The Wolverine

November 2016

The Wolverine: Covering University of Michigan Football and Sports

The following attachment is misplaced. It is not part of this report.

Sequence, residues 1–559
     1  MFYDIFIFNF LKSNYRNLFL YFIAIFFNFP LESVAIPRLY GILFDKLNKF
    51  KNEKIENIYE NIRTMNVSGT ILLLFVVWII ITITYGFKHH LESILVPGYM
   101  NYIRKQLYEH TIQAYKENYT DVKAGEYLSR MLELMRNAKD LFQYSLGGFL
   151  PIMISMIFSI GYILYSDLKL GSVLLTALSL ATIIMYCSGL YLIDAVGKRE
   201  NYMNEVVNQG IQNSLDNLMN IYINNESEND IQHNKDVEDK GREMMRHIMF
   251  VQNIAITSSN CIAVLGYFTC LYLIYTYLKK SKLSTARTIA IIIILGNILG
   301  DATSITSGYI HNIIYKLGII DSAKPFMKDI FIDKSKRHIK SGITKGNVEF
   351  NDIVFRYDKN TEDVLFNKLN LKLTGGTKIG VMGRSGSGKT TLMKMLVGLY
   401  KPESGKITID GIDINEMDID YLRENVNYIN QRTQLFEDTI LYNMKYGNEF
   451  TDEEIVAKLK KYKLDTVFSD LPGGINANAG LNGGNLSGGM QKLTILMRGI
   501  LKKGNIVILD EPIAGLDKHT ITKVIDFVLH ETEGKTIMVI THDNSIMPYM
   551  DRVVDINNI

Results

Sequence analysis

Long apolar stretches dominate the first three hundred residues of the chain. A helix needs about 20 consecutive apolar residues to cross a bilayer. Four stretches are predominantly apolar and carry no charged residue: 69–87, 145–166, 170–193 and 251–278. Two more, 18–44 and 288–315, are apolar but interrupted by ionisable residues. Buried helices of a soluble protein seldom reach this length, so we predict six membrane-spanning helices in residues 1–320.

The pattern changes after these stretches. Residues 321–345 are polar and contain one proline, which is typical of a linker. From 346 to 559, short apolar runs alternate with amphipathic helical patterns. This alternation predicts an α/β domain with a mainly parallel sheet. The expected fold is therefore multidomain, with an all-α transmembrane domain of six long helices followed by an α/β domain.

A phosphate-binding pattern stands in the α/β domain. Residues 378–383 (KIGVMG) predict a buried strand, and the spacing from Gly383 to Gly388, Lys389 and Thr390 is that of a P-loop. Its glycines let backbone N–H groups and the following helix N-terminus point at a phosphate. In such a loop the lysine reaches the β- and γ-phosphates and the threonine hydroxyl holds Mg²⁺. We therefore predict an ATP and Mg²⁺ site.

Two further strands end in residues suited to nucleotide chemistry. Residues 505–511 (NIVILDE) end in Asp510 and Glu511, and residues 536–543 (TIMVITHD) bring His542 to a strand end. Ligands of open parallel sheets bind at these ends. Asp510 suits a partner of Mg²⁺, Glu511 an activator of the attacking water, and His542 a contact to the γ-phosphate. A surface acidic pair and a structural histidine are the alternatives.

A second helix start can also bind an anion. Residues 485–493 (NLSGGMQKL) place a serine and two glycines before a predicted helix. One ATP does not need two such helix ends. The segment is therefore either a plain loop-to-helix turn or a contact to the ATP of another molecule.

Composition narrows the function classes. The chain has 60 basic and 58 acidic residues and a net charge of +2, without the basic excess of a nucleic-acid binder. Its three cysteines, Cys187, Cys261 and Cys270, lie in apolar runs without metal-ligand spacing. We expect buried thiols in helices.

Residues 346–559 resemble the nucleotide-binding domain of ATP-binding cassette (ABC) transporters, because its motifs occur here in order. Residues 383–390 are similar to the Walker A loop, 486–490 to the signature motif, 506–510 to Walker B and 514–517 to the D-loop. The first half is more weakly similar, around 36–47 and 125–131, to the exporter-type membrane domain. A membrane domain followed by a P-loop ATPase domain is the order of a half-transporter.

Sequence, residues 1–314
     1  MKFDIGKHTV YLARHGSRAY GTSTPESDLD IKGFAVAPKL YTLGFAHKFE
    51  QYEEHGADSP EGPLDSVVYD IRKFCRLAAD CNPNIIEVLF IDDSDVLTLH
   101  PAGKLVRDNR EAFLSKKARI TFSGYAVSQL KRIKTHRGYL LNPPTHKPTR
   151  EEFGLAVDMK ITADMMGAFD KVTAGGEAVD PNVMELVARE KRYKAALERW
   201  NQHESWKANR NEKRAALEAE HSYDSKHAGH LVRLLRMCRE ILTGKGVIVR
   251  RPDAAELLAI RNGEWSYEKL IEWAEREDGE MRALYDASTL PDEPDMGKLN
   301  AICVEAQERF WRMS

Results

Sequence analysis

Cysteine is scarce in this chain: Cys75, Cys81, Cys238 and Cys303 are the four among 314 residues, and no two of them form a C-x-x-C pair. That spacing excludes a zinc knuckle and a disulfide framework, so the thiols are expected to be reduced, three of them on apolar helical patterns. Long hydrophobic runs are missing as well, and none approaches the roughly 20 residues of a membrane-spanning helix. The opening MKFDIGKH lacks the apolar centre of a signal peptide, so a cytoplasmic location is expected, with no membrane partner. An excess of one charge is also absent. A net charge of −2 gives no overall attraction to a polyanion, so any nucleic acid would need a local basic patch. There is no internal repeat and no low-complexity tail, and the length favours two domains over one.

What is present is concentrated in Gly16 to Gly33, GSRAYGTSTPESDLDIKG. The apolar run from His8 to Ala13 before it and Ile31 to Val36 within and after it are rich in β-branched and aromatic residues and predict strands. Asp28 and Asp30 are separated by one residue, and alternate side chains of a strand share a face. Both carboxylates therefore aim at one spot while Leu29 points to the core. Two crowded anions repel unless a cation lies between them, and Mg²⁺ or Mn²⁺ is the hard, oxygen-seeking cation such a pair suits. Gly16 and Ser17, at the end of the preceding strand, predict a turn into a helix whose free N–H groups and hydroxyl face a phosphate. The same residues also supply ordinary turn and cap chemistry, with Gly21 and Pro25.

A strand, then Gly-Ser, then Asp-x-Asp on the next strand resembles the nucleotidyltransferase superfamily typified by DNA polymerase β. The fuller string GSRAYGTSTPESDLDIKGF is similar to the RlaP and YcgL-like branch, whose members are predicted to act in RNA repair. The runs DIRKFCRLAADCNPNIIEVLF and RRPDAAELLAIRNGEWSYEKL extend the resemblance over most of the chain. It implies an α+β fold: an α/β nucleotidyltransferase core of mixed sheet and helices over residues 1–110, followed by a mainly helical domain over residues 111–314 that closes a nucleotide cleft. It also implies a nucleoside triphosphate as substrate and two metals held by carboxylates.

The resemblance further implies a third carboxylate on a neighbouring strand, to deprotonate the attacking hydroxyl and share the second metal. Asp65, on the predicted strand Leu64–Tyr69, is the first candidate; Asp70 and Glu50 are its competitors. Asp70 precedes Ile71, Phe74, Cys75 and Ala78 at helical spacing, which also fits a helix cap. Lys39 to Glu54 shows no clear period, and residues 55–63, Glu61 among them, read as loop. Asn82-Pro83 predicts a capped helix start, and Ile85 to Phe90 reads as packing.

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48 THE WOLVERINE NOVEMBER 2016   MICHIGAN BASKETBALL Meanwhile, the "toughness" talk cropped up again on media day re- garding Michigan basketball. Beilein bristles a little at that, noting his teams have been regarded as "wimpy," while pointing out trips to the NCAA cham- pionship game and the Elite Eight, along with a couple of Big Ten cham- pionships in recent years hint at a cer- tain grit. Still, to the extent that an intelli- gently enhanced physicality can move the defensive numbers in the right di- rection, he's certainly not opposed. "Toughness is a skill, and any skill can be improved," Donlon said. "It's like anything else. One guy comes in and his elite skill is shooting. Another guy comes in and he's already pretty tough. "Competitiveness, toughness — those are skills that certainly need to and can get improved as you move up the ranks. That's just part of the process." Veteran U-M assistant Jeff Meyer pointed out that new voices with dif- ferent approaches can always bring something to the table. "Coach Beilein really has made a concerted effort to make our defense better," Meyer said. "That's one of the things we want to do this year. A lot of what we do, in terms of the basic defense of absolutes, is very similar. "Our guys are very familiar with the stance, the position, the vision and the talking. Billy has brought some differ- ent drills to the situation, and anyone who knows Coach Beilein knows he loves new drills. We've been able to implement those. "In some ways, the newness of those drills has energized our guys. Hope- fully, it will carry over once we start competing." YOUNG BIG MEN REQUIRED TO DEFEND, REBOUND Michigan features terrific size in the freshman class, a pair of big men who are battling to see court time. They're getting challenged to control the con- trollables — and that means defense and rebounding. The Wolverines' sizable sources of frosh help are 6-10, 240-pound Aus- tin Davis from nearby Onsted, Mich., along with 7-0, 245-pound Jon Teske out of Medina, Ohio. Head coach John Beilein made it clear on media day their clear path to the lineup involves understanding what's going on in general and con- tributing on the defensive end in par- ticular. At the same time, the 10th-year U-M mentor acknowledged the process in- volved in becoming a good defender. He pointed to former Wolverine Jor- dan Morgan, whose defense early on "wasn't pretty." By the time he was a fifth-year senior anchoring an Elite Eight squad, there wasn't a better big man defender in the nation, according to Beilein. His new assistant, Saddi Washing- ton, coached the last decade at Oak- land University under Greg Kampe. Those teams included a couple of NCAA Tournament squads. Washington has already stressed non-shooting essentials in speaking to the big men under his direction. "Any freshman that comes in, you were the best player, you were the guy," Washington noted. "When you come here, I always tell them the first day: 'There are two things that will affect your playing time … you have to be able to defend and rebound.' No coach has ever said, 'You rebound too much.' "No coach has ever gotten on a player for rebounding too much, and no coach has ever complained about a guy being too great a defensive player. As good of an offensive threat as some guys may be — or believe they can be — I always felt like as a young guy trying to make an early impact on a team, if you don't know anything else, you can control those two things — re- bounding and defending." It's a message that has always been delivered to Michigan players. It might just be that the Wolverines' newly re- configured braintrust is turning up the volume a bit this season. "There were some defensive strug- gles," Washington said regarding Michigan's post defense a year ago. "How many different ways can you guard the post? How many different ways can you guard a ball screen? We're going to figure all that out the best we can here in his preseason. "Basketball is always evolving. There were things that worked last year, and there are things we can get better at. That's our challenge as a staff." MISCELLANEOUS NOTES • Senior guard Derrick Walton Jr. under- stands Michigan's increased defensive emphasis this season. He acknowledged that more of the players' summer than ever became devoted to defensive drills, rather than shooting around. He indicated the effort and emphasis will help, but insisted there's still a bot- tom-line understanding from U-M players that has to accompany the work. "More importantly, a lot of guys are tak- ing it personally," he said. "It's a staple of winning. If you want to win, you do what's necessary, and that's one of the things that's necessary. "On the defensive end, we're going to be a little more scrappy on the ball, try to get out on the fast break and get in the passing lanes. That's a point of emphasis right now." • Michigan led Notre Dame by a dozen points at halftime in last spring's NCAA Tournament showdown. The Irish rallied to a 70-63 win, ending a two-game ex- tension of the Wolverines' season in the Big Dance. Head coach John Beilein noted on Michigan's media day the loss still hurts, especially the way it unfolded following the first-half upper hand. Senior wing Zak Irvin admitted it's a painful memory, but he's looking to put that one behind him. "That game was up and down for us," Irvin said. "Up 12 at halftime, thinking we've got the game in our hands. For Notre Dame to be able to come back like that, it definitely stings. It's a game you think you're going to win. "That's last season. We've got to put that aside. Obviously, you kind of use that for motivation coming into this season, get- ting a little taste of the tournament be- cause we missed it one year." ❏ New assistant Billy Donlon, the head coach at Wright State from 2010-16, was brought in by head man John Beilein to help improve the Wolverines on the defensive end. PHOTO COURTESY MICHIGAN ATHLETIC MEDIA RELATIONS